To say that CFExpress Type B cards haven’t redefined digital media in the past two years would be an understatement. Many enjoy their advantages in moving large photo and video files from the card to PC for work in a fraction of the time that it used to take, but more importantly, its what CFExpress B cards do inside the camera that is so impressive. They enable us to get pictures that simply weren’t there before. They move an amateur photographer like me to that next step and…well… the results are obvious.
This phenomena started on release of the Canon EOS R5 Mirrorless camera two years back and saw countless photo and video enthusiasts drop what they had to get their hands on the R5. It immediately sold out worldwide and angered many as Canon couldn’t catch up to demand in well over a year down the road. And it all comes down to the fact that the R5 incorporated the CFExpress Type B card as it should be, allowing much faster data transfer speeds within the camera and opening digital media to higher photo frame rates and video.
On the bench today, we have Acer’s latest CFExpress Type B Memory card, the CFE100 and our sample is the 512GB size. Stamped right on the front of the card are its specs of 1600MB/s read and 1200MB/s write and an 8K stamp leading us to believe that this card is capable of 8K recording. This would mean that it has decent sustained write performance, although this doesn’t seem to be indicated anywhere. This card, designed and manufactured by BIWIN Technologies for Acer, is also listed as being backwards XQD compatible, anti-static, x-ray proof, magnet proof and UV guarded.
The Acer CFE100 will be available in capacities of 128, 256 and 512GB with an MSRP of $130, $270 and $460, however, we haven’t seen availability as of yet. Check Amazon for release updates. What we definitely want to ascertain is whether this card can pull off a sustained write result of AT LEAST 400 MB/s in order to achieve those higher video recording capabilities; this of course being the new VPG400 standard as set out by the SD Association.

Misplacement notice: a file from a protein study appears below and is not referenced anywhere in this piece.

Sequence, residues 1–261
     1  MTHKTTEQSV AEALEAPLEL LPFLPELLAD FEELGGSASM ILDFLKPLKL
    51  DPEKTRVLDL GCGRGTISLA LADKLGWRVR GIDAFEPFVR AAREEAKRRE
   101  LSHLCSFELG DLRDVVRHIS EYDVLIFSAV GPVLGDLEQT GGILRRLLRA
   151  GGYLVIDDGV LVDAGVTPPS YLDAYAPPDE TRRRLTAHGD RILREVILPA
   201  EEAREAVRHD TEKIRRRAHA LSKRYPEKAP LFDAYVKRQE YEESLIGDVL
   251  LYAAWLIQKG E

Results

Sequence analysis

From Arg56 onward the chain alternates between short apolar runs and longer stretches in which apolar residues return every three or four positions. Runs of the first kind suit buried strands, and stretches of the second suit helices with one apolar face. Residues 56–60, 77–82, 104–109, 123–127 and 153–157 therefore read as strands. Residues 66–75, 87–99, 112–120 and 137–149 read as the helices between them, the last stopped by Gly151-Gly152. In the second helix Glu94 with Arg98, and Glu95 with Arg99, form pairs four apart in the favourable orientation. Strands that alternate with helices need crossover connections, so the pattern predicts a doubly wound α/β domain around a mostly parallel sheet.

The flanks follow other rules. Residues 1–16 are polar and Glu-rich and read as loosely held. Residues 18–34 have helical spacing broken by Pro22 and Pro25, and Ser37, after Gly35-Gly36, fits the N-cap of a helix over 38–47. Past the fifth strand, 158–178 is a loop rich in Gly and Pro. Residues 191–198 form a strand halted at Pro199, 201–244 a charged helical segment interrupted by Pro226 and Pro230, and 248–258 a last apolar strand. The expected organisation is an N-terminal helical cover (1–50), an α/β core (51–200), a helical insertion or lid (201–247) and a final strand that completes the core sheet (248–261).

TSSDR TEST BENCH AND PROTOCOL
CFExpress Card testing at TSSDR differs slightly, depending on whether we are looking at consumer or enterprise storage media. For our Acer CFE100 Type B Card testing today, our goal is to test in a system that has been optimized with our SSD Optimization Guide.
For this Test Bench, the CPU C-States, Enhanced Intel SpeedStep Technology (EIST) and Intel Speedshift (P-States) have not been disabled. As you will see below, the system is also bumped to 5.1GHz with memory at full speed in its XMP 2 profile.
The components of this Test Bench are detailed below. All hardware is linked for purchase and product sales may be reached by a simple click on the individual item.
INTEL Z690 PCIE 5.0 COMPONENTS
|Corsair 5000X RGB White Tempered Glass Chassis
|ASRock Z690 Phantom Gaming PG Velocita Gen 5
|Intel 12th Gen Core i9-12900K
|Corsair Hydro Series H150i Capellix White
|Corsair RM850x 80Plus White
|ZOTAC GeForce RTX 3080 Trinity White
|Corsair Dominator Platinum RGB DDR5-5200 64GB
|Sabrent Rocket 4 Plus Gen 4 4TB NVMe SSD
|Corsair K70 RGB Mk. 2 SE White Gaming
|Corsair M65 RGB Elite FPS Gaming
|Samsung 34″ 1440p WQHD Ultrawide Gaming
The software in use for today’s analysis is typical of many of our reviews and consists of Crystal Disk Info, ATTO Disk Benchmark, Crystal Disk Mark, Anvil’s Storage Utilities, AJA, TxBench, as well as Sustained Disk Transfer, Temperature and True Data Transfer Rate Testing. Our selection of software allows each to build on the last and to provide validation to results already obtained.
For our testing today, we will be relying on the pictured PCIe 3.0 x4 CFExpress reader created for us by Lexar some time ago. As a bit of confirmation, we always test with multiple readers we have on hand and of both the ThunderBolt 3 and the newer USB 3.2 2×2 spec. There shouldn’t be a difference in any of these devices as the top speed of CFExpress is well below the threshold of all readers ( and our AIC Gen 3 reader), whether they be Thunderbolt 3/4 with a threshold of 2.8GB/s or USB 3.2 2×2 with a top speed of 2GB/s.
As well, Acer has provided a compatibility listing of cameras they have tested to date.